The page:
Approaches

Joint Land User Initiative [Tajikistan]

approaches_2642 - Tajikistan

Completeness: 72%

1. General information

1.2 Contact details of resource persons and institutions involved in the assessment and documentation of the Approach

Key resource person(s)

SLM specialist:
Name of the institution(s) which facilitated the documentation/ evaluation of the Approach (if relevant)
NCCR North-South (NCCR North-South) - Kyrgyzstan

1.3 Conditions regarding the use of data documented through WOCAT

The compiler and key resource person(s) accept the conditions regarding the use of data documented through WOCAT:

Yes

2. Description of the SLM Approach

2.1 Short description of the Approach

Joint initiative of neighbouring land users to prevent soil erosion in steep sloping cropland.

2.2 Detailed description of the Approach

Detailed description of the Approach:

Aims / objectives: There was an agreement between neighbouring land users, on a measure they could implement jointly to prevent soil erosion in steep sloping cropland, and to prevent disputes between them about inappropriate land use and land management practices. The decision was made that a grass strip should be left uncultivated on the field boundary between upslope and downslope land users when the pasture was turned into cropland. Farmers decided to contribute equally to the establishment of the technology.

2.5 Country/ region/ locations where the Approach has been applied

Country:

Tajikistan

Region/ State/ Province:

RRS

2.7 Type of Approach

  • recent local initiative/ innovative

2.8 Main aims/ objectives of the Approach

The Approach focused on SLM only

To reduce soil erosion and the downslope washing of seeds, and also to help avoid disputes between neighbouring land users about land use and land management practices.

The SLM Approach addressed the following problems: Land losses in connection with soil and water conservation are too costly to be bourne by a single land user alone.

2.9 Conditions enabling or hindering implementation of the Technology/ Technologies applied under the Approach

legal framework (land tenure, land and water use rights)
  • hindering

The existing land ownership, land use rights / water rights moderately hindered the approach implementation Poor farmers rent cropland from the state. The area which is occupied by the grass strip is classified as cropland which is much more expensive than renting of grazing land. Farmers may be reluctant to implement grass strips if they have to rent the area at the cropland rates.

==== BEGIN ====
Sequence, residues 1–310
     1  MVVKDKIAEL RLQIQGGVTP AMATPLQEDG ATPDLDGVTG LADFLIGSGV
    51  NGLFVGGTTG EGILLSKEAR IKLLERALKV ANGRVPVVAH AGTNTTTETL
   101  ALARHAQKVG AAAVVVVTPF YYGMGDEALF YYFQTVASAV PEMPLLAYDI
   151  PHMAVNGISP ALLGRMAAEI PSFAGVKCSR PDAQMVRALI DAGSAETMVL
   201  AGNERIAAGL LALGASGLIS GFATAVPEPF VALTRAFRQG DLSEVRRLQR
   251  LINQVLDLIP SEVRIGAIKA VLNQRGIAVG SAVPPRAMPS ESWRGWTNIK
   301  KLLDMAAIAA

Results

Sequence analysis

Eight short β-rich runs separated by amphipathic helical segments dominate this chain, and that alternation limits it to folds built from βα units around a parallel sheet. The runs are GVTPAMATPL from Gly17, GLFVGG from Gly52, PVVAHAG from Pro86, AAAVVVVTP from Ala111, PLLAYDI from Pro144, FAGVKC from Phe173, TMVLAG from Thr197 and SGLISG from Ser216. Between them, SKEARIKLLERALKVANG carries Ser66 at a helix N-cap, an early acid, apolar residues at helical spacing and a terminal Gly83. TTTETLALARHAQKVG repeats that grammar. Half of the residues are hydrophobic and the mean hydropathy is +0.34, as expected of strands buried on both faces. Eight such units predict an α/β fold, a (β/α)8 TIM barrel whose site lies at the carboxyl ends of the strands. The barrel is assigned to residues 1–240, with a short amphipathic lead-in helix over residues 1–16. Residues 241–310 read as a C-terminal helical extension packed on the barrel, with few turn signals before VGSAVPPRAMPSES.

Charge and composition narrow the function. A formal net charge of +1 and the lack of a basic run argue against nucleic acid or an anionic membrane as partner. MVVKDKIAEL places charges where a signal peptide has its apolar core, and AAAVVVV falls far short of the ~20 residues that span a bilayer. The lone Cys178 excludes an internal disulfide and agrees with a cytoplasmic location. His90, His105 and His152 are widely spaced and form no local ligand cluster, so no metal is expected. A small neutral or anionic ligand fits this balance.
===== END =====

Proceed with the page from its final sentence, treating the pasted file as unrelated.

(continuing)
other
  • hindering

Lack of land available for implementation of grass strip.

Treatment through the SLM Approach: Sharing of land losses.

3. Participation and roles of stakeholders involved

3.1 Stakeholders involved in the Approach and their roles

  • local land users/ local communities

Only men participated in the approach.

3.2 Involvement of local land users/ local communities in the different phases of the Approach
Involvement of local land users/ local communities Specify who was involved and describe activities
initiation/ motivation self-mobilization
planning self-mobilization upslope and downslope land users decided together about the location and the size of the grass strip
implementation self-mobilization
monitoring/ evaluation none
Research none

3.4 Decision-making on the selection of SLM Technology/ Technologies

Specify who decided on the selection of the Technology/ Technologies to be implemented:
  • land users alone (self-initiative)
Explain:

experimental land user initiative

Decisions on the method of implementing the SLM Technology were made by by land users* alone (self-initiative / bottom-up)

4. Technical support, capacity building, and knowledge management

4.1 Capacity building/ training

Was training provided to land users/ other stakeholders?

No

4.2 Advisory service

Do land users have access to an advisory service?

Yes

Specify whether advisory service is provided:
  • on land users' fields
Describe/ comments: